CIT 594 A Lisp Interpreter Walkthrough
Spring 2003, David Matuszek

Some people are still not very clear on exactly what the Lisp interpreter is supposed to do, or how it is supposed to do it. I hope this addition will clarify a few things.

This page is not a formal part of the assignment, and does not impose additional requirements.


Input can come from one of two places: from the keyboard, or from a file. Initially input comes from the keyboard. Wherever it comes from, you treat it exactly the same: Evaluate each expression, do what it says, and print the result. Any expression that can come from one place can come from the other.

Input initially comes from the keyboard. When you call getString(), whatever you type in will show up in the same terminal window that your output goes to. Although not required, it is a good idea to print a prompt to tell the user that input is expected; for example, System.out.print("Input Lisp expression: "); If the input does not contain a complete S-expression, you might change the prompt to something like System.out.print("Continue expression: "); Note that these examples use print rather than println.

As each expression is read in, it should be converted to a single case (all uppercase or all lowercase), in order to simplify looking up function and variable names. Uppercase is more traditional, lowercase is more readable. Then it is parsed.

Strings are only used to communicate with the user. When the user types an expression, it is read as a String, but is immediately converted to a Sexpr by the parse method. All expression evaluation is done with Sexprs. When evaluation is completed, the result is another Sexpr, and the toString method is used to display this Sexpr to the user.

When the user enters the expression (LOAD) at the prompt, your program should use LineReader to open a file, read it in, execute the contents, and return to reading from the keyboard.


In Lisp there are functions and special forms. The only special forms we are concerned with are QUOTE, DEFUN, and COND; everything else (CAR, CDR, CONS, etc.) is a function. Users can define new functions, but not new special forms.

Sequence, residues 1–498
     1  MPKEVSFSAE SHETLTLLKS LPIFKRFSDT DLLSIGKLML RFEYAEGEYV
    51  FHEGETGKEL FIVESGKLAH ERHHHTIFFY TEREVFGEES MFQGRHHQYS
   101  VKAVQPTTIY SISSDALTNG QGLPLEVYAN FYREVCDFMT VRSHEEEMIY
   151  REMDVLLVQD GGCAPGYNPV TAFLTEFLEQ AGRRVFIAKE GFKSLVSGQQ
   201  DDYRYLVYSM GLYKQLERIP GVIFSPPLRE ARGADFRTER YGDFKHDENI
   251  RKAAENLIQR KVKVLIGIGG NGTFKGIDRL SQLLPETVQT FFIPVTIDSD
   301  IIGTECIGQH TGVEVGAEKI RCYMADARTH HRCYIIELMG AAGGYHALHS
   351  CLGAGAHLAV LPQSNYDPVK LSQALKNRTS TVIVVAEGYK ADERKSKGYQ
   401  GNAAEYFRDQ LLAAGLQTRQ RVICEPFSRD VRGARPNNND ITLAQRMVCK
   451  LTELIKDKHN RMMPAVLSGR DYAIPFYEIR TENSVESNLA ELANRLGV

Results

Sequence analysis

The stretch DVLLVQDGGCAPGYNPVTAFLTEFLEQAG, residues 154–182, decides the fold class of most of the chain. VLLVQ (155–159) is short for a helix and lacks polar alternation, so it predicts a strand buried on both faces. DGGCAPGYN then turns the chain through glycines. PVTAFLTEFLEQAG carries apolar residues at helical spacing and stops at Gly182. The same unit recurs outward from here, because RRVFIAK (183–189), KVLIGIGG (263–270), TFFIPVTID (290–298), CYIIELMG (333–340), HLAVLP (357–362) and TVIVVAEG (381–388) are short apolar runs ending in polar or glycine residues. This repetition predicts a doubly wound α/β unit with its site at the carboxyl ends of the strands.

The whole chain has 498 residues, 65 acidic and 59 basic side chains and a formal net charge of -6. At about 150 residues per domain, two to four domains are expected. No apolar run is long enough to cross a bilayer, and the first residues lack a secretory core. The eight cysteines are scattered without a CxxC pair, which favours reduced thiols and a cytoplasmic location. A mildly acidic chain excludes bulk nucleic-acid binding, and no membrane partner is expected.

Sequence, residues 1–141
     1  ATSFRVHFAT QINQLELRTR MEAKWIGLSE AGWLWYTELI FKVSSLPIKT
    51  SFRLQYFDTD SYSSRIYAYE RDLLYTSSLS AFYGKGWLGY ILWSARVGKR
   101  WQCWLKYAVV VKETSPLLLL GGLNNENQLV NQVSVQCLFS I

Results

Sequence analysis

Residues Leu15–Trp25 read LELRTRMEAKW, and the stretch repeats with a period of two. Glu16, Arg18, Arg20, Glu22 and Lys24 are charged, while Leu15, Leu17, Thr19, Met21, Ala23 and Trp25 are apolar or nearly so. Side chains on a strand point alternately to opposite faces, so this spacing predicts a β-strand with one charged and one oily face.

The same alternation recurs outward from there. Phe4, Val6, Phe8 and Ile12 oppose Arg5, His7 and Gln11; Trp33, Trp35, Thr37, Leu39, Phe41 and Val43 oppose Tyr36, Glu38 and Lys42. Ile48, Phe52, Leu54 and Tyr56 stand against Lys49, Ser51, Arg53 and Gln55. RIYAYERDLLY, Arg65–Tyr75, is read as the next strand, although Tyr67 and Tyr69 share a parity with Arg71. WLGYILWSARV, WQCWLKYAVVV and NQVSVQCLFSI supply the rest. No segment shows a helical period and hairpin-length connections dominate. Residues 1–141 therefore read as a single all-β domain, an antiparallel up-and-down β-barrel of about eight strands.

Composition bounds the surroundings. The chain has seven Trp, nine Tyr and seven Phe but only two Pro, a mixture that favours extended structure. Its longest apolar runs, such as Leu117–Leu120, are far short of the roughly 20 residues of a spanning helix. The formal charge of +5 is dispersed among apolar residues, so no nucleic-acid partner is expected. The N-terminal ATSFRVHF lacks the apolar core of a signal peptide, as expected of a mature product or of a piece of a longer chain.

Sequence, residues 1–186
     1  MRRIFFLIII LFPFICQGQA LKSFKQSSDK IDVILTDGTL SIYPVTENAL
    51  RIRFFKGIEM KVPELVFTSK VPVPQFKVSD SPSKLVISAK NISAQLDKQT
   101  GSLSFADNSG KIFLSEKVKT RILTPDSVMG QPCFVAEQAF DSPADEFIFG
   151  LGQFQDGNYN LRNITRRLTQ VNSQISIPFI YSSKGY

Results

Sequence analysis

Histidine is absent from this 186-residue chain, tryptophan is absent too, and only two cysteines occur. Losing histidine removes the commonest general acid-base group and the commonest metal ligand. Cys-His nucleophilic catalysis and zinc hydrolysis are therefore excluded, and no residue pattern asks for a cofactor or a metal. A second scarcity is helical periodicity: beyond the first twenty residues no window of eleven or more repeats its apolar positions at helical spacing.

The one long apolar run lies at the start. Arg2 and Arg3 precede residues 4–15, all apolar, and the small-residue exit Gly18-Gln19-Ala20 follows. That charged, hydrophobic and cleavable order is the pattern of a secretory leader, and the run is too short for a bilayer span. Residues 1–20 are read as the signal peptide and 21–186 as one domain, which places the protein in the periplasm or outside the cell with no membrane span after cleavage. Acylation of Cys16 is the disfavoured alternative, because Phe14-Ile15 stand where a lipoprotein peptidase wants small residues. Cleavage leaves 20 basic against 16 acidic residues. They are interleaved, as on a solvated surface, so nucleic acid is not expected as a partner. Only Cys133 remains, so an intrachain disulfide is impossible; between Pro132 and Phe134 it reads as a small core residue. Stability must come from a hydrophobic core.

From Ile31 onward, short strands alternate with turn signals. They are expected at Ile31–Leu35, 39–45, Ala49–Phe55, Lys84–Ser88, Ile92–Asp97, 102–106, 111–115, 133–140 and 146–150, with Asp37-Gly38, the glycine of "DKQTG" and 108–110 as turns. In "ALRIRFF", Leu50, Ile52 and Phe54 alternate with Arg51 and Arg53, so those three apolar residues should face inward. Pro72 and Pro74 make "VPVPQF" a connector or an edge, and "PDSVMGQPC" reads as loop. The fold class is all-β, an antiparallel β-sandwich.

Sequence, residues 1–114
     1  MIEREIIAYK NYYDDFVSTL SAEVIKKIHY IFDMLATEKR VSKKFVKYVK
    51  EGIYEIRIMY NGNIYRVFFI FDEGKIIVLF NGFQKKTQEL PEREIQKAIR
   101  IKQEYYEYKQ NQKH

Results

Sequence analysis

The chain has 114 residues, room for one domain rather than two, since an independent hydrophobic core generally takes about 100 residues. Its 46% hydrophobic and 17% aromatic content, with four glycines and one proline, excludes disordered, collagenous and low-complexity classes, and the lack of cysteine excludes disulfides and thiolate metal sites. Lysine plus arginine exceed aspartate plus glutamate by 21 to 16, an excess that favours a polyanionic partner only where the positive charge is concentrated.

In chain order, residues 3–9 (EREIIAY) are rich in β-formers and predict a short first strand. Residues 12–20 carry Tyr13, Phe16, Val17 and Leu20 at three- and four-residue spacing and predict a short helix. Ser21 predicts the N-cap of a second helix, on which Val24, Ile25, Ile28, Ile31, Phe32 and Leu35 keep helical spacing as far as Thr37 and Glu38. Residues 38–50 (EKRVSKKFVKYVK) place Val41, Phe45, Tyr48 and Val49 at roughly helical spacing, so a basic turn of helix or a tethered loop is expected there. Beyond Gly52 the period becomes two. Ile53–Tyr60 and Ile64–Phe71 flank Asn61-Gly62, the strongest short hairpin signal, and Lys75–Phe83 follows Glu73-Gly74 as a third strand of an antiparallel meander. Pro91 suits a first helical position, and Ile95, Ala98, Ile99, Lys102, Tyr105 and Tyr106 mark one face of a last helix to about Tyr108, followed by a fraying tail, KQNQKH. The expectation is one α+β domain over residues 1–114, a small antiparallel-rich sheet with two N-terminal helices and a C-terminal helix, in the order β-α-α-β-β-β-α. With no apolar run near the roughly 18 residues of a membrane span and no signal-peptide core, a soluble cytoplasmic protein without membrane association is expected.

The arguments to a function are defined before the function is called. The values of these arguments are assigned to the formal parameters of the function. For example, if the user defines (DEFUN MYFUN (ARG1 ARG2) (CONS ARG1 ARG2)) and calls it with (MYFUN (QUOTE W) (CDR (QUOTE (X Y Z)))), the Lisp interpreter first evaluates the arguments, assigns W to ARG1 and (Y Z) to ARG2, then calls CONS with these values.

The arguments to a special form are not evaluted, except possibly within the special form itself. In the MYFUN example above, DEFUN is called with three unevaluated arguments: MYFUN, (ARG1 ARG2), and (CONS ARG1 ARG2).

The built in functions (CAR, CDR, CONS, etc.) do not need access to a table of variable names and their values, because they receive their arguments fully evaluated. QUOTE and DEFUN receive their arguments unevaluated, but don't evaluate them. COND is different, since it receives an unevaluated argument (a list of test-result pairs) and evaluates it using whatever parameter values are in effect at the time. That is, if MYFUN (above) had a COND in its body, that COND would have to know the values of ARG1 and ARG2. COND is like a user-defined function in this respect.

My recommended way of assigning values to formal parameters is to create a new hash table (either a Hashtable or a HashMap) and, as the arguments are evaluated, putting each value into the hash table using the corresponding formal parameter name as the key. Then the hash table can be passed to the evaluation function. The evaluation function, in this case, might have a signature such as Sexpr eval(Sexpr functionBody, HashMap arguments). (This could be in addition to the single-argument form of eval, which you still should have.)